He's sittin’ in his re-clin-er and I know he's waitin' there for me.

In the world of billions of people I think he looks just fine.
Then I'll eat his treats and play his games and tell the world he's mine.

Till we get there I wait impatiently.
Where the toys are, where the toys are,
Where the toys are, Grandpa waits for me.

Till we get there, I wait impatiently.
Where the toys are, where the toys are,
Where the toys are, Grandpa waits for me!

Sunday, February 1, 2015

Conquering Dad Mountain

My Daddy and me
My Dad and I had a trick.
Something that only Daddy and I could do.
It was my favourite thing in the world.
Let me tell you about it . . .
My Dad was strong.
And tall.
He could take my hands and hold me steady while I walked up his body.
I know this sounds like something out of Cirque Du Soleil, but it’s true.
I would lift my feet and plant them on his legs, then walk up till I reached his chest.
Then - and this is the exciting part - I would flip over and start again.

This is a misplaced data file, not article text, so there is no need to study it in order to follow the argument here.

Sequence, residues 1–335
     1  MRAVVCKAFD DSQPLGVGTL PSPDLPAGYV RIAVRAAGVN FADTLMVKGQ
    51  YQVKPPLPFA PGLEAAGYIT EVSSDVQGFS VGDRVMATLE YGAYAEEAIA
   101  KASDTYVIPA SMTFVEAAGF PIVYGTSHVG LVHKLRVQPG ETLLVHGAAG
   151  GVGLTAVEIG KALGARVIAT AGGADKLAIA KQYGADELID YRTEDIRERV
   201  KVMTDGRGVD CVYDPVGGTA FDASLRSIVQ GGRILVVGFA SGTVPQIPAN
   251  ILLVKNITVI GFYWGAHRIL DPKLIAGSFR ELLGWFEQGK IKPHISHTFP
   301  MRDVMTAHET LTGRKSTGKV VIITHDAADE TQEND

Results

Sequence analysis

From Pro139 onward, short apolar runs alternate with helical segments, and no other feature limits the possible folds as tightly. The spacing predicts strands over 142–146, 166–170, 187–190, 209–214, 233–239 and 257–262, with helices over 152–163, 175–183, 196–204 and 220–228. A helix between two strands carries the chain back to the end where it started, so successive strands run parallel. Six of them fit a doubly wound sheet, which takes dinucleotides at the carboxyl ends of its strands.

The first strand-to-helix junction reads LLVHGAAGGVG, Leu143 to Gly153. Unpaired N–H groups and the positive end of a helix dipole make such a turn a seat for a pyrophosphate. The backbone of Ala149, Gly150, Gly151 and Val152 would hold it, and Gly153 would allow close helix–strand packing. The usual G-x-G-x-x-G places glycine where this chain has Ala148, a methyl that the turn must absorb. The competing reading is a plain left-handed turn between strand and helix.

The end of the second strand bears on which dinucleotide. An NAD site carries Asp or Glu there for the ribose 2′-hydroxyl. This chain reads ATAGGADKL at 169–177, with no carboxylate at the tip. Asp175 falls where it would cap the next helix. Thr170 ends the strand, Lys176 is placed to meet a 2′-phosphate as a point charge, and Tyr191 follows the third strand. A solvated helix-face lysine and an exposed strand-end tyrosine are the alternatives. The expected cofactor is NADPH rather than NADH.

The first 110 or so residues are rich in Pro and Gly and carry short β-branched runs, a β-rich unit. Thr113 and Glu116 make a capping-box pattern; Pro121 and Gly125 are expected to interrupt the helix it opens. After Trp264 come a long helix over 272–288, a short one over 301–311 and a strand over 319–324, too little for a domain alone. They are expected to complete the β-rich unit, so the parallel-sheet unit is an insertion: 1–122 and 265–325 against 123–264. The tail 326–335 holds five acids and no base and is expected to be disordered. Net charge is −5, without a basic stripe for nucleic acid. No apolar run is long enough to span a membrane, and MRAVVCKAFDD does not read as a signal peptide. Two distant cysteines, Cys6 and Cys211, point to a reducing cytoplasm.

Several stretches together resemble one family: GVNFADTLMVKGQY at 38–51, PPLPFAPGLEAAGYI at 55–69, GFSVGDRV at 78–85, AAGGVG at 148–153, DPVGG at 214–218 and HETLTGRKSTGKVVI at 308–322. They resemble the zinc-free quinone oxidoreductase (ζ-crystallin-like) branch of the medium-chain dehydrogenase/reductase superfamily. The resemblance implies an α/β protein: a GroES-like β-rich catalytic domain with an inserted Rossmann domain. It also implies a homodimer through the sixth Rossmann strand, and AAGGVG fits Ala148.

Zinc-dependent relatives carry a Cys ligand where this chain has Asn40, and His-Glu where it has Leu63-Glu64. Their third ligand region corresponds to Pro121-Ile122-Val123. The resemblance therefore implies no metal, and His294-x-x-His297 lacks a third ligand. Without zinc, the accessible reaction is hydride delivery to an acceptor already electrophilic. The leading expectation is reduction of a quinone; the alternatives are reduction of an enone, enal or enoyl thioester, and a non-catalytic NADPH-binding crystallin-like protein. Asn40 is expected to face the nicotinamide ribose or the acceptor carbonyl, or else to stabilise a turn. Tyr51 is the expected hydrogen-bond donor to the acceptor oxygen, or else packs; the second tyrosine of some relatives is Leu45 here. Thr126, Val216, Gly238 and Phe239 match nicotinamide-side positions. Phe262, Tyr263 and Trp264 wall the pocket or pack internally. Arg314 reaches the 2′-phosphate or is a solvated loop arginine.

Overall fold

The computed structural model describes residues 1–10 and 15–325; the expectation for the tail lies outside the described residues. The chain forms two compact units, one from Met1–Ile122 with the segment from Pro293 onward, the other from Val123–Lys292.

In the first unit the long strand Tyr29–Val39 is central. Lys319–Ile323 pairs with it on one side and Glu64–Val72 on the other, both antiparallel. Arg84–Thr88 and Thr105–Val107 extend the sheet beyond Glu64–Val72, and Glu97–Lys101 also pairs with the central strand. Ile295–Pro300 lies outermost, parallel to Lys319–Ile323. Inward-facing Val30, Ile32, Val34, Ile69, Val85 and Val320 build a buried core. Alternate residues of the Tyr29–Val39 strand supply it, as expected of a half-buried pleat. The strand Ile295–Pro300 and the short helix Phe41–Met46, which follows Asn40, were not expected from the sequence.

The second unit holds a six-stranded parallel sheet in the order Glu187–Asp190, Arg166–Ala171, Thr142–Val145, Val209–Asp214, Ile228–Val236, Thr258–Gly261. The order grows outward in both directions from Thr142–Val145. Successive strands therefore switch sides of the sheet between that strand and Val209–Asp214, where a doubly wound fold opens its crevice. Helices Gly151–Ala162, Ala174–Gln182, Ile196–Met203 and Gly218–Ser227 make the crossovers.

It was immensely fun.
For a four-year-old, hugely entertaining.
And didn’t happen nearly enough.
Dad would come in the door and be greeted by, “Daddy! Daddy! Pick me up!”
Obligingly, he would take my hands and let me use him as an acrobatic frame for my . . . acrobatics.
Again and again.
Then smile and set me down and go on with his duties.
I would happily return to mine.
This went on for years.
Then one day, I think I must have been about nine, Dad uttered the fateful words, “Sorry, honey, you’re just too heavy for me!”
I stared at him, aghast.
How could this be?
He was still taller than me.
Stronger than me.
Broader than . . . you get the picture.
How could I possibly be too heavy for him?
But, sadly, it was true.
And, just like that, my 'Daddy’s-Frame' climbing days were over.
Last night, I was watching one of our youngest granddaughters climb up her daddy.
Giggling happily as she did so.
And suddenly, I was remembering.
Being four-years-old again.
Holding my Daddy’s hands.
Using his help and his frame to do my acrobatics.
Daddy is nearly ninety. Frail and shrunken.
Climbing for each of us is in the past.
But we have the memory.